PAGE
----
It means that I am a vehicle for the expression of the author in this story. I can't wait to serve the author, because the more I serve the author, the more the author's presence permeates my very being, and the more I discover that I am actually a spark of the author. It's not about obedience. It's about self-expression. It's about who you are, why you are, who G-d is, and why He creates.
Using this metaphor of author-character, you can start looking at your life a little differently. You can say to yourself, "I really want to serve a higher purpose. I really want to fit into the greater story. I really want to directly serve G-d, the Author, and play my part the best way possible. All the problems in my life are really opportunities to be more. "
An excerpt from The Secret Life of G-d: Discovering the Divine Within You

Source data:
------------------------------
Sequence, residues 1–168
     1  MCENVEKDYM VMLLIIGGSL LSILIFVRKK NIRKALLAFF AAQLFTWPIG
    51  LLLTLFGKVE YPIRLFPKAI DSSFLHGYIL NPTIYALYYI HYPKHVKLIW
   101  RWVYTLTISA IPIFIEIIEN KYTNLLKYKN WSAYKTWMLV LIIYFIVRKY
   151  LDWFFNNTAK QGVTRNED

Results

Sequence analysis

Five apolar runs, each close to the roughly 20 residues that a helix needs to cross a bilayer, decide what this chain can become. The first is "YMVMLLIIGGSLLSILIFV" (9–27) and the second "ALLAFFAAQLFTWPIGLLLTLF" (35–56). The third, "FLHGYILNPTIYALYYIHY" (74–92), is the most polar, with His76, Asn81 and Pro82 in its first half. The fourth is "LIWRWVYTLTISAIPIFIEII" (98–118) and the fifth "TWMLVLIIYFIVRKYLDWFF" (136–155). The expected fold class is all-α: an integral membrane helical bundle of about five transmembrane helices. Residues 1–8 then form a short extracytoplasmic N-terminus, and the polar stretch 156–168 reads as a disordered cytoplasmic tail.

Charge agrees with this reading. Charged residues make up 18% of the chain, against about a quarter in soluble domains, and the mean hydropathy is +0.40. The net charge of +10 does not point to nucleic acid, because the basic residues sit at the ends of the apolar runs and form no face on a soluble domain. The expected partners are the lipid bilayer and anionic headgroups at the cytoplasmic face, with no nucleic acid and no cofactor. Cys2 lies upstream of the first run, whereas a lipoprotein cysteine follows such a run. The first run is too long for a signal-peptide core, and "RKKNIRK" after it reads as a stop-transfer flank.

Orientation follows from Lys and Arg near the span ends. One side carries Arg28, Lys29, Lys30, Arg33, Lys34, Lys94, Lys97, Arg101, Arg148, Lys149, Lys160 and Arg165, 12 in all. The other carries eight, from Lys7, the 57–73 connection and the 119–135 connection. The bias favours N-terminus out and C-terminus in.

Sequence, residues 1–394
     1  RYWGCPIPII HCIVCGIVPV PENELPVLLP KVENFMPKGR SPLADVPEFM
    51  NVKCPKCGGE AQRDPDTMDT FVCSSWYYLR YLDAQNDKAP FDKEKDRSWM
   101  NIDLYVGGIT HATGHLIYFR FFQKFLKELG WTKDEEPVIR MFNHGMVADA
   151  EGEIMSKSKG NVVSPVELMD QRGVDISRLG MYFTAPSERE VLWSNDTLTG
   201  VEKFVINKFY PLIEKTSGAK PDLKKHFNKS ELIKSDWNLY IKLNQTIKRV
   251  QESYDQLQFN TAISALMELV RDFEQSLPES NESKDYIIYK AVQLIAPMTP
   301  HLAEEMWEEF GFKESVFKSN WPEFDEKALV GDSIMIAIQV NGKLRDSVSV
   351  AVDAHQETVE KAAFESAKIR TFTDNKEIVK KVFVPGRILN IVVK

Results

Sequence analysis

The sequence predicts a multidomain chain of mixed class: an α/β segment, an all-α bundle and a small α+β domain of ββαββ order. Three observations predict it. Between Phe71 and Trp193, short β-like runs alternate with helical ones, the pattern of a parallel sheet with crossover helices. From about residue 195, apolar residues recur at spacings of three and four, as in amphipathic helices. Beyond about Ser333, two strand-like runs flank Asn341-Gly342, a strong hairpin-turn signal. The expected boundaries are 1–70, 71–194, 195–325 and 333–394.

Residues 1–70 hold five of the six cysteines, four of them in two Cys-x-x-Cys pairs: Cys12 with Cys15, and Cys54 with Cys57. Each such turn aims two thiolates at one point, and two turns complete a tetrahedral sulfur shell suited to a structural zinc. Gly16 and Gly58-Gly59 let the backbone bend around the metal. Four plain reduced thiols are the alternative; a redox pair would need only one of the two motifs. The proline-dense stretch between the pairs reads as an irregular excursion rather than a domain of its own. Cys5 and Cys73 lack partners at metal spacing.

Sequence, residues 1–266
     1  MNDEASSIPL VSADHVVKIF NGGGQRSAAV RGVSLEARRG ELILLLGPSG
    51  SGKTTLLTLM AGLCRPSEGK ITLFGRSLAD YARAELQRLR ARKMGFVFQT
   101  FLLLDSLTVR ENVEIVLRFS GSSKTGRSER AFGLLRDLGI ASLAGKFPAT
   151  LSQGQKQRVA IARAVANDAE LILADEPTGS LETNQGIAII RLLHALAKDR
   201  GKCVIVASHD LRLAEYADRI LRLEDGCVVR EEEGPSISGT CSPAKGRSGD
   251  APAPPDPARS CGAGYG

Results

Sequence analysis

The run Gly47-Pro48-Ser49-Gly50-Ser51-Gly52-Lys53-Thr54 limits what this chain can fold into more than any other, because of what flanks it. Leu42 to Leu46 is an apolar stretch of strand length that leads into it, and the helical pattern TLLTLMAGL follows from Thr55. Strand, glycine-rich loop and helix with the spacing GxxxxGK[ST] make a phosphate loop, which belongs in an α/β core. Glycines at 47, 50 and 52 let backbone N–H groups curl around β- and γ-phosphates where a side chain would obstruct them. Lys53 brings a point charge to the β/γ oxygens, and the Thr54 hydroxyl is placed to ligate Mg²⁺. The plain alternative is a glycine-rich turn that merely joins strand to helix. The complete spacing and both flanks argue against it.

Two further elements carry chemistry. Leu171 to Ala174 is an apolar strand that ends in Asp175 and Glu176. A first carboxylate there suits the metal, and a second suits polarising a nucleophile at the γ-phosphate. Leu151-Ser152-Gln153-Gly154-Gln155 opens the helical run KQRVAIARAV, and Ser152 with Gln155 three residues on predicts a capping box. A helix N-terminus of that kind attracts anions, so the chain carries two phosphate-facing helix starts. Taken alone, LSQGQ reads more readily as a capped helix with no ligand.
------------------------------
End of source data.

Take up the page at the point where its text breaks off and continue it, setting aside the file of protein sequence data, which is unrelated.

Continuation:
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Rabbi David Aaron Archives
Rabbi David Aaron is the founder and dean of Isralight, an international organization with programming in Israel, New York South Florida, Philadelphia, Los Angeles and Toronto. He has taught and inspired thousands of Jews who are seeking meaning in their lives and a positive connection to their Jewish roots.
He is the author of the newly released, The Secret Life of G-d, and Endless Light: The Ancient Path of Kabbalah to Love, Spiritual Growth and Personal Power , Seeing G-d and Love is my religion. (Click on links to purchase books. Sales help fund JWR.) He lives in the old City of Jerusalem with his wife and their seven children.
© 2005, Rabbi David Aaron